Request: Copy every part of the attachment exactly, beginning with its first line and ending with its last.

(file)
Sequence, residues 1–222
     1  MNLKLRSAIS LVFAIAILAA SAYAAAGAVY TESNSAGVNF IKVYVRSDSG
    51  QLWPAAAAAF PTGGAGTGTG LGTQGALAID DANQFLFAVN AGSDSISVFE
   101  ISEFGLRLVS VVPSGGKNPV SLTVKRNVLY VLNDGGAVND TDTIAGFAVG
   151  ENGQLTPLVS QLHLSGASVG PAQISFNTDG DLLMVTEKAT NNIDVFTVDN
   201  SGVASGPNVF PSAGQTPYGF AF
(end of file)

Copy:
Sequence, residues 1–222
     1  MNLKLRSAIS LVFAIAILAA SAYAAAGAVY TESNSAGVNF IKVYVRSDSG
    51  QLWPAAAAAF PTGGAGTGTG LGTQGALAID DANQFLFAVN AGSDSISVFE
   101  ISEFGLRLVS VVPSGGKNPV SLTVKRNVLY VLNDGGAVND TDTIAGFAVG
   151  ENGQLTPLVS QLHLSGASVG PAQISFNTDG DLLMVTEKAT NNIDVFTVDN
   201  SGVASGPNVF PSAGQTPYGF AF